Last week, I was at Westview looking for a woman named Effie. I had already “hopped” a few rows when I kept noticing a few short rows under a tree near the middle of the section. My logical mind told me to stick to the rows I was walking but as I was about to leave that area near the tree, I decided to go back to look.

Sure enough, that’s where Effie was. Nearly covered in acorns and dead leaves, but she was there.

Last year, I shared how I found the grave of children’s author Madge Bigham. This also happened at Westview. I really wanted to find it.

I had walked almost the entire section and was ready to call it quits. Only because I stepped on a subtle indentation in the ground and felt something solid did I know a marker was there. And I almost kept going. But I felt the need to stop, to crouch down and start digging. That never happens.

Madge Bigham's simple, flat grave marker lay hidden under grass and dirt until I found it. Since this photo was taken, it's been "weed whacked" and looks much better.

Madge Bigham’s simple, flat grave marker lay hidden under grass and dirt until I found it. Since this photo was taken, it’s been “weed whacked” and looks much better.

Under a thick layer of grass and dirt was the small flat marker for Madge’s sister, Eugenia. Next to her was Madge, another sister, and a brother. All of them were covered up. Had I given up as I had wanted to, I never would have found them.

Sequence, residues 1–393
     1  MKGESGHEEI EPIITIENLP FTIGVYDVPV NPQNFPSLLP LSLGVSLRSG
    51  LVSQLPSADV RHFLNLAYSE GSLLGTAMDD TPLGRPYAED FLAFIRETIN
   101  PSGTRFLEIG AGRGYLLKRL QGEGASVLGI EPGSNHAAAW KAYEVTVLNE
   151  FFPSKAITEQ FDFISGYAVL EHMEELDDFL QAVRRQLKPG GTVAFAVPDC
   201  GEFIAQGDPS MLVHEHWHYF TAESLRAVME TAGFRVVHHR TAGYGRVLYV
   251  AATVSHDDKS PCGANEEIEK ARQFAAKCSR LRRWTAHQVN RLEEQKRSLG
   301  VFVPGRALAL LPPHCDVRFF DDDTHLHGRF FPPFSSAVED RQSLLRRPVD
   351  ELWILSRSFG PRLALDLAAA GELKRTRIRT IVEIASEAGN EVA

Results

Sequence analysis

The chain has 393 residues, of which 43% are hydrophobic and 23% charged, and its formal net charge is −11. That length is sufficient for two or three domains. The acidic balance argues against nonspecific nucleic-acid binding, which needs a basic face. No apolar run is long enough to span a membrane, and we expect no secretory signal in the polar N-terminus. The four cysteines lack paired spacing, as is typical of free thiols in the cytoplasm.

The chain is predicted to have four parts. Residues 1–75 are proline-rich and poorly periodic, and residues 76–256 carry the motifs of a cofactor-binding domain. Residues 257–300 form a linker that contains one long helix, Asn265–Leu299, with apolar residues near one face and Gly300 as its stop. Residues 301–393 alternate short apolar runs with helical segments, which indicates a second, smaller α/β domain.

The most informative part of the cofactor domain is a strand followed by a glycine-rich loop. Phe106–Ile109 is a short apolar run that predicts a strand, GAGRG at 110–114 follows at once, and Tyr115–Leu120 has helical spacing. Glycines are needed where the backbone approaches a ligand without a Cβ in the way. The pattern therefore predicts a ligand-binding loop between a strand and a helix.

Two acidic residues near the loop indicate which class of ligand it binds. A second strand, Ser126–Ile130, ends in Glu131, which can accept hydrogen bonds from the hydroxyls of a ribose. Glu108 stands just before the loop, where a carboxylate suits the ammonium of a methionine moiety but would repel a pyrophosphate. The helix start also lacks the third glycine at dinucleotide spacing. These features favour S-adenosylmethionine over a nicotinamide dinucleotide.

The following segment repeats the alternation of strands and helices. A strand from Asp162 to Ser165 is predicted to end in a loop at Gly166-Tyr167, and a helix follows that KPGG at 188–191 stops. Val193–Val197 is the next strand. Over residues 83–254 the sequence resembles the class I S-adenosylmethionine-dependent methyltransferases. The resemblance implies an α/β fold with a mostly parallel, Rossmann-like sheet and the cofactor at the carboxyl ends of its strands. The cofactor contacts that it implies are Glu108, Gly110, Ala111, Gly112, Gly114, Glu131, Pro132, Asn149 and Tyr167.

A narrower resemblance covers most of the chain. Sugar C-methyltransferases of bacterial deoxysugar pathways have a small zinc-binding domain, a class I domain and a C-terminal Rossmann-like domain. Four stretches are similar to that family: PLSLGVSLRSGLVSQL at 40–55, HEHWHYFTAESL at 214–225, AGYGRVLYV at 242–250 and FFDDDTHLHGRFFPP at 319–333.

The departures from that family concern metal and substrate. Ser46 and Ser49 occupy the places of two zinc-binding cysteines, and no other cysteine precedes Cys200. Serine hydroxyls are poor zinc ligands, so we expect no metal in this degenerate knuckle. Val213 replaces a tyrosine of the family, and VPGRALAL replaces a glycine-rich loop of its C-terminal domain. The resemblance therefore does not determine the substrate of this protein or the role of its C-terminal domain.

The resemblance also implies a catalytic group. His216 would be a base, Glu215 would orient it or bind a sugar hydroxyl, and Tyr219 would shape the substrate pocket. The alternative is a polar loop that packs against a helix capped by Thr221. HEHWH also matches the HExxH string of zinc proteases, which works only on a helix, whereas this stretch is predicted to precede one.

There’s only one occasion where I clearly thought I needed to leave a cemetery. It stands out in my memory vividly.

I was in a part of the metro area I had rarely been before that has an iffy reputation. Normally, that doesn’t bother me because I am good at being aware of my surroundings. Westview is located in an area known for crime. But from the moment I got to this particular cemetery, something felt wrong.

Bethel Community Cemetery seems perfectly normal. But I didn't like the feeling I got when I was there.

Bethel Community Cemetery seems perfectly normal. But I didn’t like the feeling I got when I was there.

Bethel Community Cemetery is located between a busy main road and a railroad track, so it isn’t isolated. But at the time, I felt like I was being watched.

I tried to ignore it as I “hopped” the rows quickly. I found the grave of a relative of the person I was looking for under a bush. A nearby marker that was unreadable and nearly eaten up by the same bush was likely my target. So I took a few pictures and stood up.

Whether it was God or my gut instinct, I don’t know. But something inside me said to get out of there. So I got in my car and left. And never went back.

While it may disappoint some of you, I don’t give much thought to spirits when I’m out at a cemetery. I think if I spent my time thinking about them, it would distract from the purpose I’m there for in the first place and that’s to find a grave. It’s hard enough to accomplish while trying to avoid stepping in ant hills while scanning stone after stone for names.

I think if I did dwell on it, I might send up scaring myself silly like I do when I’m watching The Shining.

Happy Halloween, y’all. šŸ™‚

 

Advertisements